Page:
13. The assembly of claim 1, wherein the first member is a sleeve.
14. The assembly of claim 1, wherein the second member is a sleeve.
15. The assembly of claim 1, wherein the second member comprises at least two parts, which parts may be axially separated.
16. The assembly of claim 1, comprising a fluid conduit for the return flow of fluid from the second chamber to the first chamber.
17. The assembly of claim 1, wherein the first chamber comprises a floating seal for isolating control fluid in the first chamber from fluid circulating through the assembly.
18. The assembly of claim 1, comprising means for controlling movement of the second member relative to the body.
19. The assembly of claim 18, wherein the means for controlling movement of the second member is a cam arrangement.
20. The assembly of claim 19, wherein the cam arrangement comprises a slot defined by one of the second member and the body and a follower coupled to the other of the second member and the body.
21. The assembly of claim 18, wherein the means for controlling movement of the second member relative to the body is configured to permit the second member to be selectively retained in the second position.
22. The assembly of claim 18, wherein the means for controlling movement of the second member relative to the body comprises a continuous j-slot.
23. The assembly of claim 1, in combination with an under-reaming tool.
24. The assembly of claim 1, in combination with one of a circulating valve, an under-reaming tool, a setting tool, a downhole packer, a liner hanger, a bridge plug, a tubing anchor, a perforating gun, a completion isolation ball valve, a ball valve, a flapper valve, a completion sliding door, and an adjustable stabilizer.
25. A circulating tool comprising:
a tubular body having a flow port;
first and second members mounted for movement with respect to the body, the second member closing the flow port when the second member is in a first position and opening the flow port when the second member is in a second position; and
first and second control fluid chambers associated with the respective first and second members,
more than one movement cycle of the first member between a first position and a second position, in response to a fluid pressure force, being required to displace control fluid from the first chamber into the second chamber, in order to move the second member to the second position.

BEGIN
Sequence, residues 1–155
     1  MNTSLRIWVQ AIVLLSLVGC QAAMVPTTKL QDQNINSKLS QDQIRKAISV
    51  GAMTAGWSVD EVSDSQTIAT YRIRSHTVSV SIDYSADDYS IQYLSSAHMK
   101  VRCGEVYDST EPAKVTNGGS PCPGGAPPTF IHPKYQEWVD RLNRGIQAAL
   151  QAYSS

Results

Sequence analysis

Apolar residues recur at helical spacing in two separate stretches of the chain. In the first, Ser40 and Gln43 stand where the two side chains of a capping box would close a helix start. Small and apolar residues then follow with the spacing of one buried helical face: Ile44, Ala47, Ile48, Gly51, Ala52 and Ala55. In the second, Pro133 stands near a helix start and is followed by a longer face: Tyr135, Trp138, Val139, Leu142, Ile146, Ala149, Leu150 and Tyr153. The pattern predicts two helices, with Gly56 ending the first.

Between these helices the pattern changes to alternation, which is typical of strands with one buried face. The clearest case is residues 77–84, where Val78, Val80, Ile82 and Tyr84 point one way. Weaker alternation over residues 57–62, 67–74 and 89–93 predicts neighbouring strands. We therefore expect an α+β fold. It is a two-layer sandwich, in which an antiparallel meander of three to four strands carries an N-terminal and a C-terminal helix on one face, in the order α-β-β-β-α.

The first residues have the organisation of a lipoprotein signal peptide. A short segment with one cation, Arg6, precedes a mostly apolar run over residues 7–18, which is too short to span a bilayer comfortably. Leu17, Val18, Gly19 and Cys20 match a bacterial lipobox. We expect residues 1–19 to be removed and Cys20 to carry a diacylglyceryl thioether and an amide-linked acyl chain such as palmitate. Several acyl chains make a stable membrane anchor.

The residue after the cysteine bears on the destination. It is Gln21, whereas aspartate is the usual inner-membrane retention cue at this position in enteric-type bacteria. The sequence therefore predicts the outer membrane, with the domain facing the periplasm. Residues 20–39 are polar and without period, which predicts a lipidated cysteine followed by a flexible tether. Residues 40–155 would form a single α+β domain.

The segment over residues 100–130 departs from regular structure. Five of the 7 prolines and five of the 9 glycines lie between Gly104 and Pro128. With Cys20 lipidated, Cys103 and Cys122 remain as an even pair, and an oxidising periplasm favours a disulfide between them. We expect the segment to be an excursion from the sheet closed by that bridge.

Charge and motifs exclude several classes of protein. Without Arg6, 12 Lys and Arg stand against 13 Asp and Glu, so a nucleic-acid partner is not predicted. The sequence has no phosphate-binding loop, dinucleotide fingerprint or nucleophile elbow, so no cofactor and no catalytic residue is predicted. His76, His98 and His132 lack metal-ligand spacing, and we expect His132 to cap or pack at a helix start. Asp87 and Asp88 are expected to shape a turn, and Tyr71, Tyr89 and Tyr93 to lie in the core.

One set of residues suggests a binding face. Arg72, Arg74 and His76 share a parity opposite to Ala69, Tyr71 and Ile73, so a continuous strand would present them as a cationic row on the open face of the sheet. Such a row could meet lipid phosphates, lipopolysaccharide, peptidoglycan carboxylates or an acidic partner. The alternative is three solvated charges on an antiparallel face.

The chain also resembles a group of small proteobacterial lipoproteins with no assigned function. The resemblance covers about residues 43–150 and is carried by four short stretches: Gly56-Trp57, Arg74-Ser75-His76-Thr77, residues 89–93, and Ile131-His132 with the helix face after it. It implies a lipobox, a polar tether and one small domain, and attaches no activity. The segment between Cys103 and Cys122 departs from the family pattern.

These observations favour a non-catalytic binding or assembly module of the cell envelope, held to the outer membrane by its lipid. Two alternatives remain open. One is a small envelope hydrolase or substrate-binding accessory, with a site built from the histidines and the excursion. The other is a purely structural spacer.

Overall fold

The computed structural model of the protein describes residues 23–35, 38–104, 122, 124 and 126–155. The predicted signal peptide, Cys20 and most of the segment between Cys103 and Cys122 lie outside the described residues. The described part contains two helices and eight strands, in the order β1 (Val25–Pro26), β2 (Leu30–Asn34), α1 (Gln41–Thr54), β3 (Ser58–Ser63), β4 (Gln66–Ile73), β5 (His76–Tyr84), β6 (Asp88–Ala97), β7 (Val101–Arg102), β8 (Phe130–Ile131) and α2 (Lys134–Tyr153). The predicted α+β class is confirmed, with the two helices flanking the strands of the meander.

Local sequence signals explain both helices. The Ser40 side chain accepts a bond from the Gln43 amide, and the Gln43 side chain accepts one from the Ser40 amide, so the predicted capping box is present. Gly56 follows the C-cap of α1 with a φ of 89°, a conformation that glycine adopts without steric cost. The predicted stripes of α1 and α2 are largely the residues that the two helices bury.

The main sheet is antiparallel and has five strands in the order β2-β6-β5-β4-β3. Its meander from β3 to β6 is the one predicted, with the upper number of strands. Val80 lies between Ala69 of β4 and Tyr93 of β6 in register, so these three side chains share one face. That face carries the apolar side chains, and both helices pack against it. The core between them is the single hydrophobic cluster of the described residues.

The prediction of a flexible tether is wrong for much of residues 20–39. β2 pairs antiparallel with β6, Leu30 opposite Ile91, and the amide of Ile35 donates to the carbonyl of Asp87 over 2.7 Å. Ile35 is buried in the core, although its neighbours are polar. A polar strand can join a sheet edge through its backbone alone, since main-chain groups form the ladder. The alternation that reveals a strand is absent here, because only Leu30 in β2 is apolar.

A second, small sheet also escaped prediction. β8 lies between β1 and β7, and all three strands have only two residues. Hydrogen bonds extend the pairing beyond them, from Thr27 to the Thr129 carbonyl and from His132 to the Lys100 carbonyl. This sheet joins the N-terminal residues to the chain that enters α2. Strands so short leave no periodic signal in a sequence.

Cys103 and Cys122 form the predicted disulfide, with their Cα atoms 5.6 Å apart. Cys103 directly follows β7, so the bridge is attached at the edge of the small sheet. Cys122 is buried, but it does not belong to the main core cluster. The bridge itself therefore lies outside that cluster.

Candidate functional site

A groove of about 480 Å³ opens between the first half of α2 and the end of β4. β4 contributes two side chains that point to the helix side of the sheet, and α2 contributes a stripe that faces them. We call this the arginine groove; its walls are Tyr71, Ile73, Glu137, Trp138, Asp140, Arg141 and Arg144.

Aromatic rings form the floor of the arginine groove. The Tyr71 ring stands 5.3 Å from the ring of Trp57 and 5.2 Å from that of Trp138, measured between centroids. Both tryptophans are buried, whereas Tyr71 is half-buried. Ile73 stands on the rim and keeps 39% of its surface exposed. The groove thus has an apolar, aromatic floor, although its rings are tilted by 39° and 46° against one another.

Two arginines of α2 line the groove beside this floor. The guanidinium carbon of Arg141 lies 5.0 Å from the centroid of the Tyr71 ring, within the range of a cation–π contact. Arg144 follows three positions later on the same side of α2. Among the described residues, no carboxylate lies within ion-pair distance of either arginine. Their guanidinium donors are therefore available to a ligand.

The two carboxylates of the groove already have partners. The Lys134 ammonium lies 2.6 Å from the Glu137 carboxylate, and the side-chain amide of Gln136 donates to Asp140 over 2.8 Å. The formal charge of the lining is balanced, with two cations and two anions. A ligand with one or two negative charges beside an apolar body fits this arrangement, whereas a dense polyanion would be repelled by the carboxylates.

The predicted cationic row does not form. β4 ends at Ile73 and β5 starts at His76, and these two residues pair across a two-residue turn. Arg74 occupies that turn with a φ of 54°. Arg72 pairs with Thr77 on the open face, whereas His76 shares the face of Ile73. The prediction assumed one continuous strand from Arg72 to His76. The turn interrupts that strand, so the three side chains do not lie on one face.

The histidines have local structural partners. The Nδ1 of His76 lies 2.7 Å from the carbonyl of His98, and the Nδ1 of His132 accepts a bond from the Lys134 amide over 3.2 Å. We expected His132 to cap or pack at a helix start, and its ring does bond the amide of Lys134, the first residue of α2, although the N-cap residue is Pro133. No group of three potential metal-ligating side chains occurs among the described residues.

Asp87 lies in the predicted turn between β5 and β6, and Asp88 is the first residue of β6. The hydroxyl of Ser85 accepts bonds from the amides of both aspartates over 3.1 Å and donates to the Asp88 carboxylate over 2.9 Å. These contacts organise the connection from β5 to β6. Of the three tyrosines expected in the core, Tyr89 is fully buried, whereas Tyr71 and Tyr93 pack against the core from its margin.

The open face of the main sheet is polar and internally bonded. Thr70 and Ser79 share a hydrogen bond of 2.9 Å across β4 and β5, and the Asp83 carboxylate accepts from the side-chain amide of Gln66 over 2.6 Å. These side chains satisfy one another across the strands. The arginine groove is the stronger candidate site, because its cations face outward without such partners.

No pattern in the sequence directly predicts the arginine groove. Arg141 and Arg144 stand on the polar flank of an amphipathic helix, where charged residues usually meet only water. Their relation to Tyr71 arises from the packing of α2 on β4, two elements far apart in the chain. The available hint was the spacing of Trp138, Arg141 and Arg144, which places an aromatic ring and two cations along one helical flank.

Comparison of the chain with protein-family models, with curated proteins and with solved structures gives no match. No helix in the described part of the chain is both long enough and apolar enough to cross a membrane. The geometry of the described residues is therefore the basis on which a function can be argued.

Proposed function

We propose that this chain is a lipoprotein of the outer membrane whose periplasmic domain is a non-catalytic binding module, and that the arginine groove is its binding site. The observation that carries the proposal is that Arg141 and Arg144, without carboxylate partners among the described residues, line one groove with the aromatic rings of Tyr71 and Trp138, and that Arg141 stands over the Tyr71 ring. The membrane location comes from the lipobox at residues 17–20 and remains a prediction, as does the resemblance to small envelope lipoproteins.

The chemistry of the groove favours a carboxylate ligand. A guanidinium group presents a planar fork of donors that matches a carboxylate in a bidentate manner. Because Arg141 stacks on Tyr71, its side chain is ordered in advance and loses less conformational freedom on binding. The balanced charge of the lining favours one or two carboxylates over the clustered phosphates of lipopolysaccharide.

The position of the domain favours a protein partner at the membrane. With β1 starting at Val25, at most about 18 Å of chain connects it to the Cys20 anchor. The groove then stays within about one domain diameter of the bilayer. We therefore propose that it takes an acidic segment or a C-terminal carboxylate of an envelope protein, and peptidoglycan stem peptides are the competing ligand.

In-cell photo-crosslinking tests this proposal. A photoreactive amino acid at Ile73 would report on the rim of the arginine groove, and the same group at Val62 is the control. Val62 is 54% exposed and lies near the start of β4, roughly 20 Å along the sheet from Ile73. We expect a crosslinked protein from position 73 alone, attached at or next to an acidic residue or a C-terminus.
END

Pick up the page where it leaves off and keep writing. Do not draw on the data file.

Description
FIELD OF THE INVENTION

The present invention relates to a downhole tool. In particular, but not exclusively, the present invention relates to a tool which may be utilised to control activation or actuation of another tool, device or the like. One embodiment of the invention relates to a circulating tool and a method of circulating fluid in a borehole.

BACKGROUND OF THE INVENTION

When drilling oil and gas wells, drill cuttings are produced which must be carried out of the well to surface. This is achieved by entraining the drill cuttings in drilling fluid pumped from surface down a drill string, through a drill bit and returned to surface through the annulus defined between the drill string and the borehole wall.

However, it is often found that in particular during the drilling of deviated or extended reach wells, the flow rate of the fluid returning through the annulus to surface is not sufficient to maintain entrainment of all of the drill cuttings and cuttings may settle in the borehole, restricting well access and increasing the likelihood of other problems, such as differential sticking.

Accordingly, circulating tools have been developed for circulating fluid to facilitate inter alia removal of cuttings. This has been achieved by providing a circulating tool which allows flow of a circulating fluid, typically drilling mud, directly from a string carrying the tool, through flow ports in the tool and into the annulus. This ensures a relatively high flow rate of the drilling mud in the annulus at and above the tool location.

Circulating tools also have further uses. For example, during drilling, some or all of the drilling fluid passing up the annulus can be lost into porous formations, known as loss zones. Such formations may be treated with lost-circulation material (LCM), to prevent or limit further losses. Typically, the LCM is added to the drilling fluid, which is then passed into the annulus via a circulating tool, to plug the formation.